World change: Choices have to be made

Listen to this article

The Day we commemorate the victims of 9-11 will soon be upon us — the day we all witnessed people burning and jumping off the Twin Towers of the World Trade Center to bring death more quickly. America is still convulsed by the unbelievable horror of Islamic terrorists turning four jet airliners into human bombs and of the world witnessing unimaginable death beyond limit in the Land of the Free.

The Middle East, Ukraine, and Northern Ireland are still cauldrons of fear – despite all the progress that has been made.

The World Trade Center from the Empire State Building. (Wikipedia)
The World Trade Center from the Empire State Building.

Across the world today, the rational results of global cooperation and growth on the one hand can be stifled by the re-emergence of all the old bigotries and horrors.

Attacks on the Twin Towers and the US Department of Defense Headquarters of the Pentagon changed the way we think of the world. The bravery of those on board Flight 93 who stopped terrorists from striking at the White House; and it was either shot down or crashed, lost in fields of Pennsylvania.

Life every day is about choices. As Hillary Clinton says in launching her new book, difficult choices are made every day by world leaders and by every single one of us ordinary folk. But it is about how you face up to those choices and their consequences – decisions that can change the world on the Big Stage or change the way a family deals with the struggles of life.

The choices that were made in the Map Room at Southwick House in preparation for the D-Day Landings changed the course of history. And every single one of those Veterans still alive today were honored in many acts of Commemoration and Remembrance on the shores of France last month.

As America celebrated the 4th of July, Independence Day, thoughts too go to the millions of victims who died in Two World Wars. French President Francois Hollande, in the choices he made last month, brought together onto the D-Day Sword Beach, world leaders for a spectacular celebration led by French Commandos. And even as the Veterans chatted in the blazing heat, international diplomacy was being conducted by the Heads of State – captured by TV news cameras zooming in on their faces.

American Cemetery at Normandy, France (Wikipedia)
American Cemetery at Normandy, France

Russian President Putin and the United States President were pictured together on a giant screen – both gripped by the difficulties of Russia’s actions in Ukraine but still admitting to the tension-busting way the cameras had caught their expressions.

Life is full of choices. Of two men on a nuclear submarine battling over command in the film Crimson Tide and of whether to launch a strike in the absence of communications with US FLEET Command. Tony Scott’s film portrays the Executive Officer of the submarine, Denzel Washington, arguing it out with the Captain Gene Hackman, and reflecting that in Nuclear World War the true enemy is war itself.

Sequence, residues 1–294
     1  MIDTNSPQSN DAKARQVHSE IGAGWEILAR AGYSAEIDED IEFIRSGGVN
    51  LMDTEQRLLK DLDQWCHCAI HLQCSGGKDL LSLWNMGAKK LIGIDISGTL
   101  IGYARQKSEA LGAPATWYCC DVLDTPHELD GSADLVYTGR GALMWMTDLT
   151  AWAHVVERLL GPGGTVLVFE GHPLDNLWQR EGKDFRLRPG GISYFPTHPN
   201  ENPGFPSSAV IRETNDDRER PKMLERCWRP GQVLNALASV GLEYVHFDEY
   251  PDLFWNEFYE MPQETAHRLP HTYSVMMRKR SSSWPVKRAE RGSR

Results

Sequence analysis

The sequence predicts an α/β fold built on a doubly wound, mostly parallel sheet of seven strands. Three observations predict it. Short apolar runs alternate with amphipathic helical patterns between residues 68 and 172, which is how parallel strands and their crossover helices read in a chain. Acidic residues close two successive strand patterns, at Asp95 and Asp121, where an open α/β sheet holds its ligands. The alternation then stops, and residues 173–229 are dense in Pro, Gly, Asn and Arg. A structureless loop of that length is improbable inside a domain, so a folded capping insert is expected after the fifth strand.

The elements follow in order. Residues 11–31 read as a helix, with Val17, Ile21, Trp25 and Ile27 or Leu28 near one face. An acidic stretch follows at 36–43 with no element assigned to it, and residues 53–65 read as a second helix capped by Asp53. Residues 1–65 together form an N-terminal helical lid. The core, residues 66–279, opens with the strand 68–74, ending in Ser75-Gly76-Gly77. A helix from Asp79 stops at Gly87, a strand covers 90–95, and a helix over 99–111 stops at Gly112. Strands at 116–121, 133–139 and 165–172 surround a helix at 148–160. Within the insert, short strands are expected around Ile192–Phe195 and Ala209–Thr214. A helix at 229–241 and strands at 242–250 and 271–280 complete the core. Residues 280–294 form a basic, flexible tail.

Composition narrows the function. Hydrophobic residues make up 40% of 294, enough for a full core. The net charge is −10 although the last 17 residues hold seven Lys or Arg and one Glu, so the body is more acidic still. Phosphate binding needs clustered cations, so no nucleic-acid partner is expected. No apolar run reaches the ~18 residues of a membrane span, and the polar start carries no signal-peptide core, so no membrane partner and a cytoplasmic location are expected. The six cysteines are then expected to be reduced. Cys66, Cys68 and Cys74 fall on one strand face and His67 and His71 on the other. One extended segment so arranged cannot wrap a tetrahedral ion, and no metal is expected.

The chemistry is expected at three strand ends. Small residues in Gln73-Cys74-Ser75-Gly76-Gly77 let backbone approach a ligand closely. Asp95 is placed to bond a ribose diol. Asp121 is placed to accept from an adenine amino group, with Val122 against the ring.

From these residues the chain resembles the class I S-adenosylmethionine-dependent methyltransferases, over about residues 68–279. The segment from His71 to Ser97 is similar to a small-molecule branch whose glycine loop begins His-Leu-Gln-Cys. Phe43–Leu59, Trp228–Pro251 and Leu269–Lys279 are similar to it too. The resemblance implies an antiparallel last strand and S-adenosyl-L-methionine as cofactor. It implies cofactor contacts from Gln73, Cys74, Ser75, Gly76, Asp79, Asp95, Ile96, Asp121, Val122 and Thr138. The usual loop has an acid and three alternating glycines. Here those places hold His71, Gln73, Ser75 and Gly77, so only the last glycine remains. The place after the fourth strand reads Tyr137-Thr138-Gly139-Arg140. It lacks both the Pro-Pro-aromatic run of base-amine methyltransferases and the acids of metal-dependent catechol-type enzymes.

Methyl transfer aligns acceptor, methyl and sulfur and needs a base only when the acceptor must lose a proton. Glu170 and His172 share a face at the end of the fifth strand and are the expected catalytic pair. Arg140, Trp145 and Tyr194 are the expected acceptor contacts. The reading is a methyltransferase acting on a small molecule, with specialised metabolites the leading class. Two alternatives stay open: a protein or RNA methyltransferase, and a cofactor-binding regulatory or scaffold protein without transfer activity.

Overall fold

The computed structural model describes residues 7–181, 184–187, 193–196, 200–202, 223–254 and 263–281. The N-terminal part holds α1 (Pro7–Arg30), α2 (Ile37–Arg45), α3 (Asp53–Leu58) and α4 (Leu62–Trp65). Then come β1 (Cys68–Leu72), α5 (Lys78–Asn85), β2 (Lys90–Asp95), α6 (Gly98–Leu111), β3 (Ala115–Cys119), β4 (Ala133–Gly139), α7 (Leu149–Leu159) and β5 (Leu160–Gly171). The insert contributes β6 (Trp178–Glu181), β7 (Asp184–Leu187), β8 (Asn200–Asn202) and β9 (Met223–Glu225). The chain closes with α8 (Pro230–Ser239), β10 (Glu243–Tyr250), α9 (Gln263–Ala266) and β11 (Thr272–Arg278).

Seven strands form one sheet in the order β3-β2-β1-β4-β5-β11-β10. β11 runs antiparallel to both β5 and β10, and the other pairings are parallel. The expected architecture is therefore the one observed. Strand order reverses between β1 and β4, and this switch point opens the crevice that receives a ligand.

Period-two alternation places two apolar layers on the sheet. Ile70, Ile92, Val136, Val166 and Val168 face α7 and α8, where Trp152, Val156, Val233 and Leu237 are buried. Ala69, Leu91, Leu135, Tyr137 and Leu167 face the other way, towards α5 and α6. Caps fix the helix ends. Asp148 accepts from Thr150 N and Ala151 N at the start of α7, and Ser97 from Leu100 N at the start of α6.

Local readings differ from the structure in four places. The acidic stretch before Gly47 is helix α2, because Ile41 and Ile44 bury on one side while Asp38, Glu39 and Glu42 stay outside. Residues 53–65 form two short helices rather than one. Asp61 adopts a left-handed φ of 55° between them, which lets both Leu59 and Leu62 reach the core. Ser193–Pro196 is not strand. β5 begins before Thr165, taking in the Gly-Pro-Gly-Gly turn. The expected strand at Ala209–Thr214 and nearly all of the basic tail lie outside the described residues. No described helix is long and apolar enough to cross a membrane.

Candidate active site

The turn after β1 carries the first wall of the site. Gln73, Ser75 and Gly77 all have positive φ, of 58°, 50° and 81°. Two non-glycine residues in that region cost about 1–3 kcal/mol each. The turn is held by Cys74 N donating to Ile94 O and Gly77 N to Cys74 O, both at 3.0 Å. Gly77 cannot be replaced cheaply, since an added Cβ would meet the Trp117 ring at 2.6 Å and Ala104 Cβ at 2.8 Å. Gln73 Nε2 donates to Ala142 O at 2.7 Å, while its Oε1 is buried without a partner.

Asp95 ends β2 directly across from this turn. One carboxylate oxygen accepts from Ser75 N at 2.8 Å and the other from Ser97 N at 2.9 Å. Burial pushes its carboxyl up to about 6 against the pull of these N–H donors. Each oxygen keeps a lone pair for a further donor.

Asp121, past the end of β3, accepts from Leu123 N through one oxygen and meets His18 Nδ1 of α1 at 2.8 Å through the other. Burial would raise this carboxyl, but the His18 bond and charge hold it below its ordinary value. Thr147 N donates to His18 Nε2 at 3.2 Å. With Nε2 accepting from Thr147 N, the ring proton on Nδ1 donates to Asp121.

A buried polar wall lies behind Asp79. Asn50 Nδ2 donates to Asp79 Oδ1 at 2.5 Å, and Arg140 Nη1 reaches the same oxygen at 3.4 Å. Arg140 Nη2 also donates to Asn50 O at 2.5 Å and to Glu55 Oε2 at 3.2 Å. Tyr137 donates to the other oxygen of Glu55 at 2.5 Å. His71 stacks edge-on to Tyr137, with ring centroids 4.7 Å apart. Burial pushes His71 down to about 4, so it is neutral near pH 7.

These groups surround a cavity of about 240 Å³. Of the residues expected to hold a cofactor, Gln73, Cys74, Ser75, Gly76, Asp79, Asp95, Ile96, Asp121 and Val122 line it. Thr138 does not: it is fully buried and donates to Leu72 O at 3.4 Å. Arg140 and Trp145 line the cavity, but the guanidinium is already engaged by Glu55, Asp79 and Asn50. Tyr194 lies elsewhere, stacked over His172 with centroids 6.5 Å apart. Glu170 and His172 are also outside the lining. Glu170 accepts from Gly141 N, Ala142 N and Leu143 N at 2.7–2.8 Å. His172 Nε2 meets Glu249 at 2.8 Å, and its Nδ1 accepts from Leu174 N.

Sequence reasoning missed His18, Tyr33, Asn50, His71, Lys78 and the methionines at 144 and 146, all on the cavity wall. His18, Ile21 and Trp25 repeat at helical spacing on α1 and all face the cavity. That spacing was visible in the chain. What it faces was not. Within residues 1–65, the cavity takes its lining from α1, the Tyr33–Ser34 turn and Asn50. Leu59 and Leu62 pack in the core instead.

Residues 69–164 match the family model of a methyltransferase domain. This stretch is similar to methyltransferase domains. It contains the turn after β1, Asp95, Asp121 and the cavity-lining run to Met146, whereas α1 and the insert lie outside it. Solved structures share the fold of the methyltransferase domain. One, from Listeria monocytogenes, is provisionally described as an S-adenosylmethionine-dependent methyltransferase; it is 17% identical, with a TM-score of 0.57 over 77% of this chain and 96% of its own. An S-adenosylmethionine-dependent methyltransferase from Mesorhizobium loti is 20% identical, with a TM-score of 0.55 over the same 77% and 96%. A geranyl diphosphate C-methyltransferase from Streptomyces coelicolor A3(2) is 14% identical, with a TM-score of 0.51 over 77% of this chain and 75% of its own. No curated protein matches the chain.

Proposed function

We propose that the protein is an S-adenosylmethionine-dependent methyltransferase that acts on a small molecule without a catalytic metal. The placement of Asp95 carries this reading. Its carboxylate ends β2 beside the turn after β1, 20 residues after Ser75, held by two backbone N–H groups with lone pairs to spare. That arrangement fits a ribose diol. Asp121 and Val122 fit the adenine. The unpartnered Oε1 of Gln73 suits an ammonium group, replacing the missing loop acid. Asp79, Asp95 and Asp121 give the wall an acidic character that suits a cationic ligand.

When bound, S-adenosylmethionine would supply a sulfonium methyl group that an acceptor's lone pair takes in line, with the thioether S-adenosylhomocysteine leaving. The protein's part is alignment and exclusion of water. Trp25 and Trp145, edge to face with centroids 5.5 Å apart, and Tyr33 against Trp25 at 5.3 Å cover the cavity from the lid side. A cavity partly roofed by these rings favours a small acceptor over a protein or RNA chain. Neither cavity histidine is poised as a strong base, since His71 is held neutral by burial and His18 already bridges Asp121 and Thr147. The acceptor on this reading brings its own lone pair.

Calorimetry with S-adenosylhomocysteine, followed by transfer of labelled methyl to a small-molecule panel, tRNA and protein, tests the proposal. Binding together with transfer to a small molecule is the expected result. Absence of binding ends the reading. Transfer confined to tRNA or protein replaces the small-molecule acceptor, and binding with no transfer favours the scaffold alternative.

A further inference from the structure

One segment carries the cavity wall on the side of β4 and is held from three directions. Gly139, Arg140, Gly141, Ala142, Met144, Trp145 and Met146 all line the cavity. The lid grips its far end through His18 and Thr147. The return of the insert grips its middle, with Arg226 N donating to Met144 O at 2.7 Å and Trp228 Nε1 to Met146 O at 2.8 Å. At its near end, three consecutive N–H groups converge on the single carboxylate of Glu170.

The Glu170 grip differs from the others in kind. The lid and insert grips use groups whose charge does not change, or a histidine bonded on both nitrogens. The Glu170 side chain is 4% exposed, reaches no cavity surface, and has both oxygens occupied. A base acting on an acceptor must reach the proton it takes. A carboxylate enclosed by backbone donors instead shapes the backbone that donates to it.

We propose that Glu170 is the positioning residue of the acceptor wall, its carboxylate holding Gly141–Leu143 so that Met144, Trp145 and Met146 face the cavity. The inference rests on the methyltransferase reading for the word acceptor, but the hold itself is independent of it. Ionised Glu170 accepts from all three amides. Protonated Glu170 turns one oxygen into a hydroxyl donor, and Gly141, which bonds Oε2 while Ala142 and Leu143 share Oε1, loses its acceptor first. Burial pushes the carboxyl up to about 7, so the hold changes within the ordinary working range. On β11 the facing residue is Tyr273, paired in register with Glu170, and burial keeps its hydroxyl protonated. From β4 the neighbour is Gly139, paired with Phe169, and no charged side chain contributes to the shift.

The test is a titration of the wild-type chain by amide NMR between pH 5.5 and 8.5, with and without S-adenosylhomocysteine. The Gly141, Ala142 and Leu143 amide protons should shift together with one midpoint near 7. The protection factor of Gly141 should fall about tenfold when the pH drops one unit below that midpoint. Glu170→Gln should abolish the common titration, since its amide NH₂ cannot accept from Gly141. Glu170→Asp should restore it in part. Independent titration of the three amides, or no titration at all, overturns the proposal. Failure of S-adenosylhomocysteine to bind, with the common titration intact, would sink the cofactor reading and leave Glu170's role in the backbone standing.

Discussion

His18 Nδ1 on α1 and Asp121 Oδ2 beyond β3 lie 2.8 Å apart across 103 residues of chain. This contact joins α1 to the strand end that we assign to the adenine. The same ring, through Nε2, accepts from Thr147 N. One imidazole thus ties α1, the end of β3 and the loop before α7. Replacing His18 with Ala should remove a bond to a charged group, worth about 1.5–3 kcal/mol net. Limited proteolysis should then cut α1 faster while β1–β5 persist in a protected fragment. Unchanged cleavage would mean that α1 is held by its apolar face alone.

The Congress of Vienna in 1815 brought world leaders together to bring peace to Europe in the midst of Napoleon’s ventures. One of those men was British Foreign Secretary Lord Castelreagh, whose family seat and stately home is the beautiful National Trust Property of Mountstewart, the global tourist attraction on the shores of Strangford Lough.

And even today, two hundred years on, the legacy of peacemaking is still haunting some leaders in Northern Ireland – after all that has been achieved by US Presidents, British and Irish Prime Ministers, and by the European Parliament.

Belfast’s former crumbling docklands have been transformed into a Waterfront of hotels, concert halls, and even the setting for the gigantic film studios for the makers of that epic HBO series, Game of Thrones.

Her Majesty the Queen visited the studio this month and stood alongside the giant Throne for the cameras. The Queen had also been shown around the old Crumlin Road Jail by, ironically, two of its former guests: Peter Robinson and Martin McGuiness, the First and Deputy First Ministers of Northern Ireland who were both locked up there for a time decades ago at the height of the Ulster Troubles.

Dr. Ian Paisley and Gerry Adams. (Wikipedia)
Dr. Ian Paisley and Gerry Adams.

So much has been achieved there by the making of difficult choices. It was in 2007 that Sinn Fein President Gerry Adams and Democratic Unionist leader Ian Paisley both sat down together, a meeting that was hailed as a momentous occasion in the newspaper headlines, striking a deal carved out by determined peace-making.

This week though, Northern Ireland is again in the spotlight as its politicians argue over parades and flags, with threats of demonstration from Orange Order leaders and vows by the Chief Constable to uphold the Rule of Law.

At Belfast City Hall there is a gigantic commemoration to all the names of the victims of the sinking of the Titaniic after hitting an iceberg in the North Atlantic. Surely the Flags of all Nations – including the United Kingdom’s Union Flag and that of the Irish Republic’s Tricolour — can all fly together next to it in the grounds of the City Hall.

International dimensions of Peace and Commemoration – and finding ways forward for future generations to come.

Life is about choices.